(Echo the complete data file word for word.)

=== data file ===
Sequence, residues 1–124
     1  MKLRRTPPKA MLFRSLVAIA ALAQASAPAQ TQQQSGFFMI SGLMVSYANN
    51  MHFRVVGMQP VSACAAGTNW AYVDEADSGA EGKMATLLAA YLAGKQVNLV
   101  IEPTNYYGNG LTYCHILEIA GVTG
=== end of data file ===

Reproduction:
Sequence, residues 1–124
     1  MKLRRTPPKA MLFRSLVAIA ALAQASAPAQ TQQQSGFFMI SGLMVSYANN
    51  MHFRVVGMQP VSACAAGTNW AYVDEADSGA EGKMATLLAA YLAGKQVNLV
   101  IEPTNYYGNG LTYCHILEIA GVTG